The summer between my freshman and sophomore year in high school, I was a counselor at a local Jewish Community Center camp. I worked with a variety of campers ranging between the ages of three to 10 years old. As to be expected, there were countless fights and arguments among the campers on a daily basis.

After each of these fights, I would take both campers into a separate location where we would try to resolve their differences. I would mimic a skill used by my parents when I would constantly get into fights with my brothers as a child. Both parties were able to tell their side of the story, and ultimately, after some respectful dialogue and negotiation, each person walked away happy with the outcome we had eventually reached.

This strategy works wonders for a camp counselor dealing with kids under the age of 10. And this is the reason why I cannot, for the life of me, wrap my head around the fact that our political leaders act as children do with contempt towards any ideas or opinions their colleagues may have.

The people who we elect to represent us are not supposed to be as narrow-minded and intolerant as many lawmakers are today. Each side of the aisle is equally at fault for the extreme amount of animosity and disrespect towards one another, which has now created a wide division encompassing our entire nation. The resentment each side has for each other is embarrassing to our country on a world stage but even more dangerous to our citizens.

Take the most recent government shutdown, which occurred at the end of 2018, leading into 2019. Instead of rushing to pass a bipartisan budget bill to attempt to reopen the government, Democrats and Republicans alike dug their heels in and pointed fingers blaming each other for the government gridlock. All the while, thousands of Americans were being put on furlough during the holidays while at the same time, politicians were engaging in the childish “You started it” dispute.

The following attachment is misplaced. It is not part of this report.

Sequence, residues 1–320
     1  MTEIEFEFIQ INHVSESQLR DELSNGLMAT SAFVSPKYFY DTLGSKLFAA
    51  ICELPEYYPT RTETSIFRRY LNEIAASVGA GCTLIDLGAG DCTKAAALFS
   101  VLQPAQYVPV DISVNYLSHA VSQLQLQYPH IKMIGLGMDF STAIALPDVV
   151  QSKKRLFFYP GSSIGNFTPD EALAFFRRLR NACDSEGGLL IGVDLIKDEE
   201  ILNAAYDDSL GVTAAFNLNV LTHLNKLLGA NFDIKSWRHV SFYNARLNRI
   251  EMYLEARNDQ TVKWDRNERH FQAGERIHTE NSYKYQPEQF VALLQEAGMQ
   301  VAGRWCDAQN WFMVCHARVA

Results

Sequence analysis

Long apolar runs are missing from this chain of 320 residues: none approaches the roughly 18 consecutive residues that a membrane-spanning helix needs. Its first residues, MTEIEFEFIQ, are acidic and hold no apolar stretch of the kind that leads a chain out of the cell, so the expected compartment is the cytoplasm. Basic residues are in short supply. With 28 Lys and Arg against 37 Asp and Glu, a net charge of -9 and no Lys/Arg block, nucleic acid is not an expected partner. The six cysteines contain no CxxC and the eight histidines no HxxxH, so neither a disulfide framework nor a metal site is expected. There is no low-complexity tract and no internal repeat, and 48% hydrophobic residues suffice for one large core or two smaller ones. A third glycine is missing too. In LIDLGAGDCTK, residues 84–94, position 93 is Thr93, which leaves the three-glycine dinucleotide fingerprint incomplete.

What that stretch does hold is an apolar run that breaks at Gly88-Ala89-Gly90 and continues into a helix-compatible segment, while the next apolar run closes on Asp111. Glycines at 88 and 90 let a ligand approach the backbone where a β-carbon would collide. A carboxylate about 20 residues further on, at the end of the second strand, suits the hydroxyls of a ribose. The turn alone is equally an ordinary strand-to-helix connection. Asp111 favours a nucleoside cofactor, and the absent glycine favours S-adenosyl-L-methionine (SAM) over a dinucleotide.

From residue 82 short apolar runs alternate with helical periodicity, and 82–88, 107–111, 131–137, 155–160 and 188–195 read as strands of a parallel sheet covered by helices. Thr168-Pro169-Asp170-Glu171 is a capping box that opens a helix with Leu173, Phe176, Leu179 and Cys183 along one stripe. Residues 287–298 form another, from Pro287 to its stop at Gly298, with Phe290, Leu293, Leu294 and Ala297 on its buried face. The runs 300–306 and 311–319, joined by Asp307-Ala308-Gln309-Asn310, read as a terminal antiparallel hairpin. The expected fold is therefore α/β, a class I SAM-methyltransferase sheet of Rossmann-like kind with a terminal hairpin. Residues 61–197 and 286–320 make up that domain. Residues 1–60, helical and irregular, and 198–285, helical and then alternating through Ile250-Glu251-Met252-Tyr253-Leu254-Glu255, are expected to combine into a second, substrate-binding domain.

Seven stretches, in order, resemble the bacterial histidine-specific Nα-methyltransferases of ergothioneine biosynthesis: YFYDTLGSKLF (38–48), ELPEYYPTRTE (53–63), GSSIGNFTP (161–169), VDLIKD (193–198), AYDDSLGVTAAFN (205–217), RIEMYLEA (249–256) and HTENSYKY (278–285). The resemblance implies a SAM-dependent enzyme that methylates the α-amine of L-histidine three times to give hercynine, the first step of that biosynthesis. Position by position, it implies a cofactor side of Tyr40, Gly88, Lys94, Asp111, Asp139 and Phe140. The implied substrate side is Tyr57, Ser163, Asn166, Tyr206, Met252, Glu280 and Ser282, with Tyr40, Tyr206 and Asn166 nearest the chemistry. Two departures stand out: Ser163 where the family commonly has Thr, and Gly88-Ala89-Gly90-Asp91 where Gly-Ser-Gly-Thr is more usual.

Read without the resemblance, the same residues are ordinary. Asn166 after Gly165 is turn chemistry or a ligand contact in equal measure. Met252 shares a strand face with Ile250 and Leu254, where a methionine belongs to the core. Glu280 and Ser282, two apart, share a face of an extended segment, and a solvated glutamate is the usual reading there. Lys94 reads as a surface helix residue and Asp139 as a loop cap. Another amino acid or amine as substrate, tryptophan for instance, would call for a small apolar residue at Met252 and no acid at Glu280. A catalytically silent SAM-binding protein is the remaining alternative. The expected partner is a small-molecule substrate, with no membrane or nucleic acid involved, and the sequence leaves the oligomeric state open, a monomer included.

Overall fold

Scenarios like this, unfortunately, are not unique in our politics today, nor do they take place only in the politics at a national level. All around the country, in different state and local legislatures, divisive back-and-forth arguing and failure to recognize legitimate ideas and policies from either side has widened the rift in our nation even more. The sad difference between the arguments, between these legislators and the campers I worked with at camp JCC is simple: the politicians are many years older than the campers. Their arguments are virtually the same, and both sides blame the other while refusing to listen to what the other side has to say.

This is why I implore the lawmakers in our political system today to stop acting like children and to grow up and compromise with each other in a respectful manner. It is exhausting to hear about all of the negative sentiment, which has poisoned our political theater nowadays. Even if it takes a camp counselor to mediate both sides, all I want is less fighting among our politicians and, instead, more willingness to negotiate with each other — just as any 10-year-old is capable of doing.